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'The Last Word with Lawrence O'Donnell' for Wednesday, October 14th, 2015

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Show: THE LAST WORD WITH LAWRENCE O`DONNELL
Date: October 14, 2015
Guest: Maria Teresa Kumar, Howard Dean, Josh Barro, Rep. Mo Brooks, Ayman
Mohyeldin, Kimberly Conner

RACHEL MADDOW, MSNBC: That does it for us tonight, we`ll see you again
tomorrow, now it`s time for THE LAST WORD with Lawrence O`Donnell, good
evening Lawrence.

LAWRENCE O`DONNELL, HOST, THE LAST WORD: So, Rachel, Rand Paul has
discovered that the big problem with life is that it`s live.

MADDOW: Is that it`s live --

O`DONNELL: Yes, it`s rough.

MADDOW: It`s --

O`DONNELL: Yes --

MADDOW: Particularly rough if you actually say what you`re thinking.

O`DONNELL: All right, here we go, I`m going to go live.

(LAUGHTER)

Thanks, Rachel --

MADDOW: Thanks, Lawrence.

O`DONNELL: It is hard to imagine how Hillary Clinton could have had a
better night last night. It was as if she planned it all.

(BEGIN VIDEO CLIP)

HILLARY CLINTON, FORMER SECRETARY OF STATE: I`m feeling really lucky in
Las Vegas.

UNIDENTIFIED FEMALE: The first Democratic debate turned into a big night
for Hillary Clinton.

DONALD TRUMP, CHAIRMAN & PRESIDENT, THE TRUMP ORGANIZATIONS & FOUNDER,
TRUMP ENTERTAINMENT RESORTS: And I tweeted, I tweeted.

UNIDENTIFIED MALE: I thought she mopped the floor with this group.

EUGENE ROBINSON, COLUMNIST, THE WASHINGTON POST: It was almost like an NBA
player stopping by a pickup game on the local playground.

UNIDENTIFIED FEMALE: And it was the question everyone knew was coming that
produced the moment of the night.

SEN. BERNIE SANDERS (D), VERMONT: The American people are sick and tired
of hearing about your damn e-mails.

CLINTON: Thank you! Me, too! Me too!

(CHEERS)

(APPLAUSE)

SANDERS: You`re welcome --

CLINTON: Thank you!

TRUMP: I personally thought she won the debate.

UNIDENTIFIED MALE: She just tied herself to Barack Obama`s hip.

CLINTON: He asked me to become Secretary of State, he valued my judgment.

UNIDENTIFIED MALE: And that was, I believe, all about shadow-boxing with
Joe Biden.

JOSEPH BIDEN, VICE PRESIDENT OF THE UNITED STATES: I was proud -- I
thought they all did well.

UNIDENTIFIED MALE: In your heart of hearts, you have to be hoping he
doesn`t get into this race at this point.

CLINTON: I`m not hoping anything about that.

UNIDENTIFIED MALE: I think the time has come for a decision.

(END VIDEO CLIP)

O`DONNELL: The debate went so well for Hillary Clinton, so perfectly, that
at times it was as if she had planned the whole thing.

Everything, I mean everything from who would be standing beside her on that
stage to who the Republican frontrunner would be. Everything.

Just think about it. What was Hillary Clinton`s big problem before this
campaign season got started? Her big problem was a big number.

This number -- 73. Polling in 2014 showed Hillary Clinton with 73 percent
support among Democrats.

And the problem with such a big number like that is that it made her
nomination inevitable and inevitable is boring and boring hasn`t worked in
presidential politics since Dwight Eisenhower.

The Democratic presidential nomination looked like it was going to be a
coronation and no one wanted that, including Hillary Clinton.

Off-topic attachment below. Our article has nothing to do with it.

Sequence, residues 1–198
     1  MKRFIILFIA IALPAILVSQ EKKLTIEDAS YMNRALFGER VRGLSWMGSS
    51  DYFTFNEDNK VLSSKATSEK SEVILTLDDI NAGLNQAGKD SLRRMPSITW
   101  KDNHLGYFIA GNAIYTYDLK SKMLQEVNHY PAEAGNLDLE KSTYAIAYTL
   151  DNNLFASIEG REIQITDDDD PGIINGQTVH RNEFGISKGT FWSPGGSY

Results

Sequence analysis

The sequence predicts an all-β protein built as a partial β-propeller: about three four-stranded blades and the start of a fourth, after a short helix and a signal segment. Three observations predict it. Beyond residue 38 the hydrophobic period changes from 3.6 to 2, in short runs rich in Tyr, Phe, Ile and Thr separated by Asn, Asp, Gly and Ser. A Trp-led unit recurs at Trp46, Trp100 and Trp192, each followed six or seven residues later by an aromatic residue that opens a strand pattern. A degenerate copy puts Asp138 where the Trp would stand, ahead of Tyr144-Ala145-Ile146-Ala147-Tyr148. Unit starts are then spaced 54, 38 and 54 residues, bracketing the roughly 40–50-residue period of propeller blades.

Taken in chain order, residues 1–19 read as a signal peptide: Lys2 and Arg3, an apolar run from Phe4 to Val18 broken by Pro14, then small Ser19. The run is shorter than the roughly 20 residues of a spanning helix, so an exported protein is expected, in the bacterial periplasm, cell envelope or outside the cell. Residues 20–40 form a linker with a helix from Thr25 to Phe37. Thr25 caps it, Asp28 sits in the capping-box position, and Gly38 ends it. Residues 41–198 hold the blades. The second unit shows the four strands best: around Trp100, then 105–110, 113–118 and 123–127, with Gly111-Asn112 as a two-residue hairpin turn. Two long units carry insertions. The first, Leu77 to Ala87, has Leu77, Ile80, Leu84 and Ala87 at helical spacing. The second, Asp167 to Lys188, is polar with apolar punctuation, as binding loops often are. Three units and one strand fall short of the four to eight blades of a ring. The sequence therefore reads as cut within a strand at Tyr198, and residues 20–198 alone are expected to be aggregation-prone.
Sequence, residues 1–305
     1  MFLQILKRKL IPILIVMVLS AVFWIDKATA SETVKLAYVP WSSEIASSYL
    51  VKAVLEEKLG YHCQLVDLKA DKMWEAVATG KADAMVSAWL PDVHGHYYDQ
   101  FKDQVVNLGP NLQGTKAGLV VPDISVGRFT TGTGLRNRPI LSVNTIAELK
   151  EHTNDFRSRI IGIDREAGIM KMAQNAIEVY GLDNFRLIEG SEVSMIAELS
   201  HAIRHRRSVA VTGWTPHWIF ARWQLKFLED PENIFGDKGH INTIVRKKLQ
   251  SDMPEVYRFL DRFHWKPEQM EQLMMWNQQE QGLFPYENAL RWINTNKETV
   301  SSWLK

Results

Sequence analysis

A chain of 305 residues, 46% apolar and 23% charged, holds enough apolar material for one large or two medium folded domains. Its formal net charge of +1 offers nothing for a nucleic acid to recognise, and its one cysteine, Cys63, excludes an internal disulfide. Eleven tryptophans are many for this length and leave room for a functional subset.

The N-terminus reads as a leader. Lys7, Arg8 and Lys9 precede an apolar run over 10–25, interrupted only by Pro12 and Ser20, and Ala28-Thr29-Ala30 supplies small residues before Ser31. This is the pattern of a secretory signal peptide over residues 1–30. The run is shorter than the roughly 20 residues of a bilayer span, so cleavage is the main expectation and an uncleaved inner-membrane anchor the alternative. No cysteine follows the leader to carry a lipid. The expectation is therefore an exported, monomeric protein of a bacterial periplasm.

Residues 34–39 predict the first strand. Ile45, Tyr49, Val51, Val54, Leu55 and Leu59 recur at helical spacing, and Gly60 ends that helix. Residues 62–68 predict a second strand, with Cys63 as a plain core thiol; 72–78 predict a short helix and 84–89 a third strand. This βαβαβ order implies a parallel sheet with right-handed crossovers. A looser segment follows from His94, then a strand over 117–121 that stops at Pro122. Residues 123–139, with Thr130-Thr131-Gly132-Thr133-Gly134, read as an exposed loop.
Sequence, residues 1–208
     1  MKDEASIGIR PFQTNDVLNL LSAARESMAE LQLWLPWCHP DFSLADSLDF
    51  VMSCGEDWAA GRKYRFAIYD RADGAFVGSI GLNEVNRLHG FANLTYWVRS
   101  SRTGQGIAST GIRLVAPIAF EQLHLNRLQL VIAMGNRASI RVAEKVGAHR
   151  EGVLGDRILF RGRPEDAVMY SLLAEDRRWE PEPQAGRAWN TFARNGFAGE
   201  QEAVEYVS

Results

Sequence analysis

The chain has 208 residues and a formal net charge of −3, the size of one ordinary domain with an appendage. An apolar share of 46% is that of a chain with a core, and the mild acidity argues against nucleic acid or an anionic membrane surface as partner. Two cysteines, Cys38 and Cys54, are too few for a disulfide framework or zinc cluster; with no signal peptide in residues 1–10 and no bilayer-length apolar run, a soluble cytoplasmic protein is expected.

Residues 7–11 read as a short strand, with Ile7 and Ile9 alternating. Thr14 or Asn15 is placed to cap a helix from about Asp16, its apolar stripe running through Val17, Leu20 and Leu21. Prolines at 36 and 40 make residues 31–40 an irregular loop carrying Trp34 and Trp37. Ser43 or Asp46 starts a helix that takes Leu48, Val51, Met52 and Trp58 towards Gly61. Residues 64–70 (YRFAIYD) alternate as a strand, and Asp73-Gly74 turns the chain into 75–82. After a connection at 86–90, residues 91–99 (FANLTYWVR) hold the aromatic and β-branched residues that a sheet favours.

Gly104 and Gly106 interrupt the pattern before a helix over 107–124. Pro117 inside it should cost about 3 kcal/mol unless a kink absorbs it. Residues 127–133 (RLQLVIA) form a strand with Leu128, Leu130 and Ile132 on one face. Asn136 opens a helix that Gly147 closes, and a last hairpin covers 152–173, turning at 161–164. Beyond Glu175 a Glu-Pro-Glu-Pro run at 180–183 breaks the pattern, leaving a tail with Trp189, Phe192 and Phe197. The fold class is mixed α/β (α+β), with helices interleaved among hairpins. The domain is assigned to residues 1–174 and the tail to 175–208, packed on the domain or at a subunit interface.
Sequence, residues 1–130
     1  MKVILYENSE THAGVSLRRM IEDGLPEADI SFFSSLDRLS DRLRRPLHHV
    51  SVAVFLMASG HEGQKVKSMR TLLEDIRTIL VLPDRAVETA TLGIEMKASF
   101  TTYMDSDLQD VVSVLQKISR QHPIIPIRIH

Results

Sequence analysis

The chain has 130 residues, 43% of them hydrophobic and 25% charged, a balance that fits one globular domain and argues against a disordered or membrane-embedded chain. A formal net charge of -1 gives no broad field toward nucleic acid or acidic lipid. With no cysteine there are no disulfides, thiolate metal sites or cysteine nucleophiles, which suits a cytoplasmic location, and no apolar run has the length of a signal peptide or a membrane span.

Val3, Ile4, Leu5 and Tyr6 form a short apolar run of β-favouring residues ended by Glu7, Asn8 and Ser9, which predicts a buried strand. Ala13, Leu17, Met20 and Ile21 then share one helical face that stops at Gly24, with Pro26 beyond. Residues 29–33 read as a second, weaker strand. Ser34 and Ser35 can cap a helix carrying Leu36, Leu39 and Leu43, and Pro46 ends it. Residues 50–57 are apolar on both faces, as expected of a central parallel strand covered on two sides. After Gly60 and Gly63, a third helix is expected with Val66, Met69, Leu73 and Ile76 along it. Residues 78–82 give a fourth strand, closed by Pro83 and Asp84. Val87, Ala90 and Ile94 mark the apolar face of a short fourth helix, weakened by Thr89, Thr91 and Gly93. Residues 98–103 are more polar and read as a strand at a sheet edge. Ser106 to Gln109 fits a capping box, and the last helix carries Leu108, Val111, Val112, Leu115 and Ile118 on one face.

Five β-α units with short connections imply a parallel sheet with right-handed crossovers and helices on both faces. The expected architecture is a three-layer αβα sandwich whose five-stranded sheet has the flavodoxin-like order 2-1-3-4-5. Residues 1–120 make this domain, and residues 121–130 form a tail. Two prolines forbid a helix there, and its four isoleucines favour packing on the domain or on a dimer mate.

She knew she needed Democratic primary opponents, she didn`t want it to
look like she was just being handed the nomination, she wanted to look like
she had to win it.

And she knew she needed some batting practice. She didn`t want the general
election debate with the Republican nominee next year to be her first time
on a debate stage in eight years.

If Hillary Clinton could have picked her main challenger for the Democratic
nomination, she would have picked Bernie Sanders in a second.

She wanted someone more liberal than she is in the race, so she could
appear more moderate to general election voters. She didn`t want to face a
cool, hip, young liberal like Barack Obama again.

She wanted to face someone who could be caricatured. Someone who even
Anderson Cooper could write an attack ad against off the top of his head.

(BEGIN VIDEO CLIP)

ANDERSON COOPER, CNN: The Republican attack ad against you in a general
election, it writes itself. You supported the Sandinistas in Nicaragua,
you honeymooned in the Soviet Union and --

UNIDENTIFIED MALE: Oh --

COOPER: And just this weekend, you said you`re not a capitalist. Doesn`t
that ad write itself?

(END VIDEO CLIP)

O`DONNELL: Bernie Sanders is more of a socialist than Hillary Clinton and
the other candidates on that stage last night, but not much more.

They all support our big socialist programs like Social Security and
Medicare as do most Republicans.

Republicans would like to spend less on those programs, but that means
they`re still willing to fund socialist programs.

And most of the media has no idea that our economy is actually a mix of
socialism and capitalism. It`s what Hillary Clinton was referring to when
she said this --

(BEGIN VIDEO CLIP)

CLINTON: It`s our job to rein in the excesses of capitalism so that it
doesn`t run amok and doesn`t cause the kind of inequities that we`re seeing
in our economic system.

(END VIDEO CLIP)

O`DONNELL: And how do we rein in capitalism? With socialism. The way we
temper capitalism is with small and sometimes large doses of socialism.

For example, since pure free market capitalism would lead to tragic